Atmospheric carbon dioxide (CO2) is a major driver of global warming, but this gas could also serve as a valuable resource. Researchers at KAUST have developed an efficient catalyst that uses light energy to convert CO2 and hydrogen into methane (CH4). This counteracts the release of CO2 when methane is burned as a fuel.
Many researchers worldwide are exploring ways to convert CO2 into useful carbon-based chemicals, but their efforts have been limited by low efficiencies that restrict the potential for large-scale application.
“Our approach is based on the synergistic combination of light and heat, known as the photothermal effect,” says postdoc Diego Mateo. He explains that the heat is generated by the interaction of light with the catalyst, so the two forms of energy come from absorbed light.
Some other industrial approaches require heating from external sources to attain temperatures as high as 500 degrees Celsius. The KAUST research demonstrates that the reaction can be achieved using just the photothermal effect of daylight.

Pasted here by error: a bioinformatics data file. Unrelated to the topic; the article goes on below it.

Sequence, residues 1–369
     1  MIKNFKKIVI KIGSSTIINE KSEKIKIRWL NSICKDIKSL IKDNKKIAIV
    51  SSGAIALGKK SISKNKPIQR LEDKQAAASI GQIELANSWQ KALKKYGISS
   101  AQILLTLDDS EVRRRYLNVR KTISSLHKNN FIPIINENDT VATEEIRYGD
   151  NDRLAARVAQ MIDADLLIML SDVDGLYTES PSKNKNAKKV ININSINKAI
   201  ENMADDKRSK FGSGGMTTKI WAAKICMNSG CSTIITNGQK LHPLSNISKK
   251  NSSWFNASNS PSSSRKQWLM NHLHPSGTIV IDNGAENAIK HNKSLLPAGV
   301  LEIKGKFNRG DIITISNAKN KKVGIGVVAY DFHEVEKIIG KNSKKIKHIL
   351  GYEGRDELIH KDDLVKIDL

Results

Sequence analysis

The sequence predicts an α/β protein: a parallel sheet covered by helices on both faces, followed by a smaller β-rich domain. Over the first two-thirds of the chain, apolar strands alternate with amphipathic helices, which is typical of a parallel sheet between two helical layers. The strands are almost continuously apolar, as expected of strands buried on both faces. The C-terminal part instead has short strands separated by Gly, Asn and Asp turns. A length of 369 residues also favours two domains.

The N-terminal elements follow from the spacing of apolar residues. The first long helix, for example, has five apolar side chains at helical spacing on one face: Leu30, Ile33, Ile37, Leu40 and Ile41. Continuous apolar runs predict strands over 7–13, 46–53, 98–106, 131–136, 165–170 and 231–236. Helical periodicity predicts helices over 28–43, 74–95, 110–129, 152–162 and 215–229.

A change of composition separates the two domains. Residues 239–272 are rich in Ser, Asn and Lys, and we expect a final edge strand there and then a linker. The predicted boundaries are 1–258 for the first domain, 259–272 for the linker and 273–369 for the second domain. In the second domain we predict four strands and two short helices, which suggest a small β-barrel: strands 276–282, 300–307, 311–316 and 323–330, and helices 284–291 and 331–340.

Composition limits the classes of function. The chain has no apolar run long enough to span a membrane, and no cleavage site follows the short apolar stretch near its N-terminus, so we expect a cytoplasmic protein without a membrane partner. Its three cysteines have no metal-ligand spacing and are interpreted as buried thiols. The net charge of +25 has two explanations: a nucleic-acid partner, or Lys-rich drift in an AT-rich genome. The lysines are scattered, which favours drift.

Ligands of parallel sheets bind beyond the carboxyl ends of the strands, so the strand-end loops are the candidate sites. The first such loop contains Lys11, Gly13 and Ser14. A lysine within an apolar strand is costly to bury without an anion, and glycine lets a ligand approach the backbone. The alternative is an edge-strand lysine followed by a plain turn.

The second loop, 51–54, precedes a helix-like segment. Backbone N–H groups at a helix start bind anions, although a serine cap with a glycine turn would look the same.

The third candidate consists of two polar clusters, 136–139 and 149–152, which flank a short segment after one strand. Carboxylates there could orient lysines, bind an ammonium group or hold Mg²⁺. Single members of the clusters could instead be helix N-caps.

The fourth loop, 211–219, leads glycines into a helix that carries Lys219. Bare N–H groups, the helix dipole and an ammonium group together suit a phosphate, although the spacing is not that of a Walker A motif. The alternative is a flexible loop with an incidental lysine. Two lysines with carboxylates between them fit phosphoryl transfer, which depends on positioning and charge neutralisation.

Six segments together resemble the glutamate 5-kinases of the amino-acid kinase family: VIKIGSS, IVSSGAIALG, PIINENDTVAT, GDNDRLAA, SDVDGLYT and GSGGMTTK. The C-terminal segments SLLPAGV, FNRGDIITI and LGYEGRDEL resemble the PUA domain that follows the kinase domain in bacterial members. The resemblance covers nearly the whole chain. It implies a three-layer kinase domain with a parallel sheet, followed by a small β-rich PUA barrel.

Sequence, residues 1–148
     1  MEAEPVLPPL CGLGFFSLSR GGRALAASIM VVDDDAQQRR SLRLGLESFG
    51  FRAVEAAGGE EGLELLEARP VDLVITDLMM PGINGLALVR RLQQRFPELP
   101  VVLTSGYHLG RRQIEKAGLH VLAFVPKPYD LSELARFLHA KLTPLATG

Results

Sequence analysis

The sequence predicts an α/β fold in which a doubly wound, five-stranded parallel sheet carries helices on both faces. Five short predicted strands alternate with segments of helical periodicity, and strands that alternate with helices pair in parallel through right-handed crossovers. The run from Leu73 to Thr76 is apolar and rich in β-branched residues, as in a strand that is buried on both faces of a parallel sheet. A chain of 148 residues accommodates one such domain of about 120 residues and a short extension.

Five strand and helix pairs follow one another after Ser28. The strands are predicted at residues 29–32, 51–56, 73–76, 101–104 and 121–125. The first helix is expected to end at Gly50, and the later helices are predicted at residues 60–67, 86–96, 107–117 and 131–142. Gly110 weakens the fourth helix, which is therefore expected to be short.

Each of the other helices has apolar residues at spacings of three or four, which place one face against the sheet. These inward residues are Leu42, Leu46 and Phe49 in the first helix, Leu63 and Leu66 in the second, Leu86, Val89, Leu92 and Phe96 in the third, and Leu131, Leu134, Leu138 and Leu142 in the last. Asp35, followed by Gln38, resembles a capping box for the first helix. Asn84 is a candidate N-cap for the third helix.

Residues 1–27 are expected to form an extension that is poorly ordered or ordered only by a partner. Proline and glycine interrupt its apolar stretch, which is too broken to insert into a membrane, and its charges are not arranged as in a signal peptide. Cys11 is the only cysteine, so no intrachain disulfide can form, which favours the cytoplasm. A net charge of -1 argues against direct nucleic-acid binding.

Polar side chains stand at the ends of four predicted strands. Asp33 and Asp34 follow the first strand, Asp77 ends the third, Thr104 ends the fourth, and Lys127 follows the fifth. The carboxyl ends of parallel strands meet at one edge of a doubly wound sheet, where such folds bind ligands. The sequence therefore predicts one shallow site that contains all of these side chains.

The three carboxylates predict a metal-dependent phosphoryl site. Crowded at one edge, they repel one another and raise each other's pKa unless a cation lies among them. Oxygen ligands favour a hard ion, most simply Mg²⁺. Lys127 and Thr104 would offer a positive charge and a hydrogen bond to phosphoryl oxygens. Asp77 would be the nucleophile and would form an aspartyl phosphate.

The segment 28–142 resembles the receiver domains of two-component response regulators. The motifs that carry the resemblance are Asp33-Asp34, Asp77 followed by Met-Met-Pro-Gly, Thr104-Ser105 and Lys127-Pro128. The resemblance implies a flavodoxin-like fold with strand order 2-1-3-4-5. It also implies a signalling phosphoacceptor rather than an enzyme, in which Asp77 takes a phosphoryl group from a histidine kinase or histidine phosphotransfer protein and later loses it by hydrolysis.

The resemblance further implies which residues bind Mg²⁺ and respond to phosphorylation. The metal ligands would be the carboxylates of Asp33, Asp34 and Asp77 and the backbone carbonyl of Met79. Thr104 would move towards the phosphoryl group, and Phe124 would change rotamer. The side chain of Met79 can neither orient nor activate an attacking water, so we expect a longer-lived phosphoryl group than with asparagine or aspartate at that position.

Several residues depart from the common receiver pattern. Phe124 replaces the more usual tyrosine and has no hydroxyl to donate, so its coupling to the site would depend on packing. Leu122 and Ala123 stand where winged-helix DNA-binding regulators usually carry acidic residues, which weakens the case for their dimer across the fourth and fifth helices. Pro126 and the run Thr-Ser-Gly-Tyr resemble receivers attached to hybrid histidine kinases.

The catalyst is built from nickel nanoparticles on a layer of barium titanate. It captures the light in a way that kicks electrons into high energy states, known as “hot electrons”. These electrons then initiate the chemical reaction that sends CO2 back into methane. Under optimum conditions, the catalyst generates methane with nearly 100 percent selectivity and with impressive efficiency.
A major advantage is the wide range of the spectrum of light harnessed, including all visible wavelengths, in addition to the ultraviolet rays that many catalysts are restricted to. This is hugely significant since ultraviolet light comprises only 4 to 5 percent of the energy available in sunlight.
“We strongly believe that our strategy, in combination with other existing CO2 capture techniques, could be a sustainable way to convert this harmful greenhouse gas into valuable fuel,” says Mateo.
Any fuels made from CO2 would still release that gas when they are burned, but the CO2 could be repeatedly recycled from the atmosphere to fuel and back again, rather than being continually released by burning fossil fuels.
The researchers are also looking to widen the applications of their approach. “One strategy for our future research is to move towards producing other valuable chemicals, such as methanol,” says Jorge Gascon, who led the research team. The researchers also see potential for using light energy to power the production of chemicals that don’t contain carbon, such as ammonia (NH3).